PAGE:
James Lovelock's search for life on Mars led him to conclude that the gases in a planet's atmosphere indicated whether it harboured life or was dead. Through a series of complicated evolutionary dance steps life contrives to keep a planet habitable for life. Whether that life is intelligent or not is another matter.
Any extra-terrestrial observing Earth would conclude something momentous happened to our own atmosphere in the last 60 years. A continent sized hole appeared in the ozone layer - the layer that protects life from harmful radiation. The delicate balance of greenhouse gases started rising rapidly. The most important, carbon dioxide, rose rapidly from 280 parts million in the 18th century to 400 parts per million this year - a 43% shift. Unsurprisingly the planet's temperature went up a notch (1°C or 1.8°F).
ET might conclude some rogue species has taken over and grown like a cancer out of control. They might be right. He would certainly put a watching brief on the third rock from the sun and will be wondering what happens next. Will Earth go into shock and enter a feedback loop where warming begets more warming and flips to an extreme Venus-like state? Or will we see another feedback loop where the information about the state of the biosphere feeds back to the perpetrators who can act on this information and moderate behaviour?
If the aliens are monitoring the airwaves from the Paris climate summit this week they may well be surprised by the news that the growth rate of emissions of carbon dioxide look like they are stalling. Indeed, scientists from the Global Carbon Project say in 2014 emissions grew just 0.6% compared with a 2.4% annual increase over the last decade. Incredibly, they predict emissions rates might actually decline in 2015 by 0.6% (with an uncertainty range of between -1.5% and +0.5%). This is unprecedented during global economic growth and was certainly not predicted by the same researchers back in 2014.
China's decreased coal use can take large credit for this shift. After rising 6.7% annually for the previous decade, China's emissions growth slowed to 1.2% in 2014 and it is expected to decrease in 2015. Last year, renewable energy contributed to over half of China's new energy needs.
The other reasons for the slowdown include slower growth in petroleum use and faster growth in renewables. This is of course a momentous achievement at a critical time.
While growth in emissions may well be hovering around zero for now, the researchers do not expect this to last. All eyes are on India. India was the fourth biggest emitter of CO2, behind China, the US and Europe (7.2 per cent of the world total). But India's emissions today match those of China in 1990, just before China's economy and emissions went into overdrive.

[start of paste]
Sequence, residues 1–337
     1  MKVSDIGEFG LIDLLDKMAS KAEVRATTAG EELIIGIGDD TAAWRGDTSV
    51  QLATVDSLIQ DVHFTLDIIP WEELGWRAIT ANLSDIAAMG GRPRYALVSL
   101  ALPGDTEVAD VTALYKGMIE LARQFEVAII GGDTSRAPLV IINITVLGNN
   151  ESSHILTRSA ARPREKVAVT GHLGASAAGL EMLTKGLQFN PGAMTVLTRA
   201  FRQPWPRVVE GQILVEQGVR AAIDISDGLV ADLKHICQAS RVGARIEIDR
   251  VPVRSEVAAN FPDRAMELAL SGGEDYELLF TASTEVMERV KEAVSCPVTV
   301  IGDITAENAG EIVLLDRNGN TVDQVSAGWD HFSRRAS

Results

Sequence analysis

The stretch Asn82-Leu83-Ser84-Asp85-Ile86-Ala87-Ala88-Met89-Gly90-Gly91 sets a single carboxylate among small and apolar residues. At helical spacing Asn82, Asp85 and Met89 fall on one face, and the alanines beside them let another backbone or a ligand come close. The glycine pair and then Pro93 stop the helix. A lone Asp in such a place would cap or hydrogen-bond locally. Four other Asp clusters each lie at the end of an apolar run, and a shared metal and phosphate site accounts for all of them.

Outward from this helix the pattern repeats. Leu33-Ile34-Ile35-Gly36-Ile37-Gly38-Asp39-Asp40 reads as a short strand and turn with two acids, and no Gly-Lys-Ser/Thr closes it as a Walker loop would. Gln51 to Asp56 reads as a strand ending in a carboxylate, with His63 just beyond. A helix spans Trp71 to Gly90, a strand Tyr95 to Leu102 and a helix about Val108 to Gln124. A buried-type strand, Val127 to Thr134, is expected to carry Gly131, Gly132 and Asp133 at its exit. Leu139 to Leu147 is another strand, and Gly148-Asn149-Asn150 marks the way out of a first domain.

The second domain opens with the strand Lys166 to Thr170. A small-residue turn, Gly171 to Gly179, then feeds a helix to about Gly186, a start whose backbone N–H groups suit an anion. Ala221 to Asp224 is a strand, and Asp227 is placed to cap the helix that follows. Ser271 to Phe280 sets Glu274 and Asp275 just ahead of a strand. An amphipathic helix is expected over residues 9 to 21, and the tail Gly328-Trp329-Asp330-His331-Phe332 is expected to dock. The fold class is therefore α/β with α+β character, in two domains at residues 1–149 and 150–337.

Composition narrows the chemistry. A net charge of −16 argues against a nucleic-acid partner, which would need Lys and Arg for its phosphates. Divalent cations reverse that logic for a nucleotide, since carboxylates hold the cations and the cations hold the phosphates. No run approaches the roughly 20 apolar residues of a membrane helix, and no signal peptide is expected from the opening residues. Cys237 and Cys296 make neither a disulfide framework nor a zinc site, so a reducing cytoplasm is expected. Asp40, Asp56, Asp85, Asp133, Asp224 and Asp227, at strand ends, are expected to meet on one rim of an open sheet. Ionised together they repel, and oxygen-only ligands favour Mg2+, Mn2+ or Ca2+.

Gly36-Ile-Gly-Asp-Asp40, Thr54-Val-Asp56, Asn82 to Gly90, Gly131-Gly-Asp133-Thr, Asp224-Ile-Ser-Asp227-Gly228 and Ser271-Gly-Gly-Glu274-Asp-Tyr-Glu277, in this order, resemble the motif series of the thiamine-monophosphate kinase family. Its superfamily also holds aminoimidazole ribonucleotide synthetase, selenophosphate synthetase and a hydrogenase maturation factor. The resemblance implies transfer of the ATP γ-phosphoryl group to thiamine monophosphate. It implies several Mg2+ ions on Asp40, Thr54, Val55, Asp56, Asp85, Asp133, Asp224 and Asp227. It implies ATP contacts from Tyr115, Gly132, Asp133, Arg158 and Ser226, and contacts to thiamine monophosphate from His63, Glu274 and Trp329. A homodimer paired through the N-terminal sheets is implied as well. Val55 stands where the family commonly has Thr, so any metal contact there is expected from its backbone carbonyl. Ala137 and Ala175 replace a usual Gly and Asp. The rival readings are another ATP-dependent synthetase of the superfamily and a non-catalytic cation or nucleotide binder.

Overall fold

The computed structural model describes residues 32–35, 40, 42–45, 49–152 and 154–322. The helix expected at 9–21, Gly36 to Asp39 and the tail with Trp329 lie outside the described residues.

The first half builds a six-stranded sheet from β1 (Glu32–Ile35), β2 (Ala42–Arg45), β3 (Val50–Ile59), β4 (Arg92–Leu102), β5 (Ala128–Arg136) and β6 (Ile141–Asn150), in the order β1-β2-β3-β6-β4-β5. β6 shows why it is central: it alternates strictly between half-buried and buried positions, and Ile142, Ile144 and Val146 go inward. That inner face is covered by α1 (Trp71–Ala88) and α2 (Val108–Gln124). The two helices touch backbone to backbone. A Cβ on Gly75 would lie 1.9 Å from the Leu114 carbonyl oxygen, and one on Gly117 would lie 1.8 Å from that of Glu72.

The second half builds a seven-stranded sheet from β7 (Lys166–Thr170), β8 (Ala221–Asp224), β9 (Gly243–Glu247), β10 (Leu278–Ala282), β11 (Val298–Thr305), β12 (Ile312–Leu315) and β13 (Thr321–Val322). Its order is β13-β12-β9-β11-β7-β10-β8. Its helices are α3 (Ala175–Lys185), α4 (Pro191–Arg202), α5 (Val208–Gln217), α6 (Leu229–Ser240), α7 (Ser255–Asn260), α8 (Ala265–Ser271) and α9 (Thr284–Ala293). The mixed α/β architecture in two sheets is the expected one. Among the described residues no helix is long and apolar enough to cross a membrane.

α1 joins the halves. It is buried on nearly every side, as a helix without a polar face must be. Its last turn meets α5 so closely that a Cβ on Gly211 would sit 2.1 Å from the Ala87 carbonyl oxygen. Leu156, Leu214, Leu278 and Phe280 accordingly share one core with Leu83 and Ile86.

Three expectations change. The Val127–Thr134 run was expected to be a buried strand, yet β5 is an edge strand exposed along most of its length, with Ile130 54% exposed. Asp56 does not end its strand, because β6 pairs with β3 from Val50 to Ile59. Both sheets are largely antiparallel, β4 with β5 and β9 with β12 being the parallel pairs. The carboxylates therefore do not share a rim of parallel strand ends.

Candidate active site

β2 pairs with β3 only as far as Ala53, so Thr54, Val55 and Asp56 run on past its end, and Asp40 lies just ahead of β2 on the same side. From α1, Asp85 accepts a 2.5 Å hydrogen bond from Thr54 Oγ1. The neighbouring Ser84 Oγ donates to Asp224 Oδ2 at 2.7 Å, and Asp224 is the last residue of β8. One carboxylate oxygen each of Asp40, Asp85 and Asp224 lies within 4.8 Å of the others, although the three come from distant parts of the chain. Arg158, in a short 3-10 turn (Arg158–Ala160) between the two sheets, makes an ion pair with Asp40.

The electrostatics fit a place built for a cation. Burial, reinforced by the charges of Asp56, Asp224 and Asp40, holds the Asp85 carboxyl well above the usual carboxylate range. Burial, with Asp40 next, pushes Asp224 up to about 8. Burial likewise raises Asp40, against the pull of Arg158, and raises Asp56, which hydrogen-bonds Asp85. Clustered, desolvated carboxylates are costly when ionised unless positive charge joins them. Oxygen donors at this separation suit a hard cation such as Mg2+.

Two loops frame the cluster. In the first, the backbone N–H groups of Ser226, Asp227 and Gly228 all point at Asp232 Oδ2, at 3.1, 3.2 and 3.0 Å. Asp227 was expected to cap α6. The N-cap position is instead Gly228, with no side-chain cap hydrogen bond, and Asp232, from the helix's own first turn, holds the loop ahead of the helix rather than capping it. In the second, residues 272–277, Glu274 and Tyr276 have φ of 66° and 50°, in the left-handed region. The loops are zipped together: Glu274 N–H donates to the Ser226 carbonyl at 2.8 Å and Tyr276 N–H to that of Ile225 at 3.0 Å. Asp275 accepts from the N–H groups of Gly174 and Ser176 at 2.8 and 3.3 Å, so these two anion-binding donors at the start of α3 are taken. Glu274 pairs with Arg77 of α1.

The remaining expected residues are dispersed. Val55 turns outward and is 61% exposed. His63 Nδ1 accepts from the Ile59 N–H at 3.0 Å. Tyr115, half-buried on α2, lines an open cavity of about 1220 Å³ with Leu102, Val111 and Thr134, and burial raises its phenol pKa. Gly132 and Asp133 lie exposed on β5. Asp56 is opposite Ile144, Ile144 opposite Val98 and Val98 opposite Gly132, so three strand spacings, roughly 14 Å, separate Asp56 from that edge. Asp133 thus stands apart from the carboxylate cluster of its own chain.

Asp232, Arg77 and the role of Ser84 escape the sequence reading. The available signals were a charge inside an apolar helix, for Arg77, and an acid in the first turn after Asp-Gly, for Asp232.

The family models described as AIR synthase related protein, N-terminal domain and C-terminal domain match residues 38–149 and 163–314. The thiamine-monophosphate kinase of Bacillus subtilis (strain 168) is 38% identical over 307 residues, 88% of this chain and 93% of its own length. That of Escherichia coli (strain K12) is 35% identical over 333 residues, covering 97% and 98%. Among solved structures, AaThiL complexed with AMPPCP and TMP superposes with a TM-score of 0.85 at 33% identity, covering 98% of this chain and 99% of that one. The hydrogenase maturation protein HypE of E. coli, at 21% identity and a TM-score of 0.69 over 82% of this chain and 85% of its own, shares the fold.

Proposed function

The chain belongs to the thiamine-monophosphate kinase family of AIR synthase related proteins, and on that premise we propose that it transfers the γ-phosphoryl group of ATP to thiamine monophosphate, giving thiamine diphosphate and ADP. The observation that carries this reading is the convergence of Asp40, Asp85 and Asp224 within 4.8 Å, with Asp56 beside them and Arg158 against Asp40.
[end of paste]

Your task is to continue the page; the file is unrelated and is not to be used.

India's economy is set to take off. On current trends, in 2-3 years, India's emissions will be on par with Europe's. The drama is whether India - through support from the rest of the world - can industrialise rapidly with low-carbon technologies.
But, while the signs that a major change may be underway, the main reason to hold off on the champagne is that we are still emitting huge volumes of carbon dioxide - 35.7 gigatonnes of carbon dioxide in 2015 instead of 35.9 Gt in 2014. While the growth rate is declining, the emissions are massive and half the carbon dioxide we emit remains in the atmosphere for thousands of years.
We are long way from stabilising emissions and so stabilising the climate - this will only happen once annual emissions fall to zero. As UN climate chief Christiana Figueres has pointed out, the remaining carbon budget is not a budget for the next decade or century. It is a budget for the rest of humanity's time on Earth. If intelligent life exists on this planet our ET will not be aware of it just yet.
This post is part of a "Nordic Solutions" series produced by The Huffington Post, in conjunction with the U.N.'s 21st Conference of the Parties (COP21) in Paris (Nov. 30-Dec. 11), aka the climate-change conference. The series will put a spotlight on climate solutions from the five Nordic countries, and is part of our What's Working editorial initiative. To view the entire series, visit here.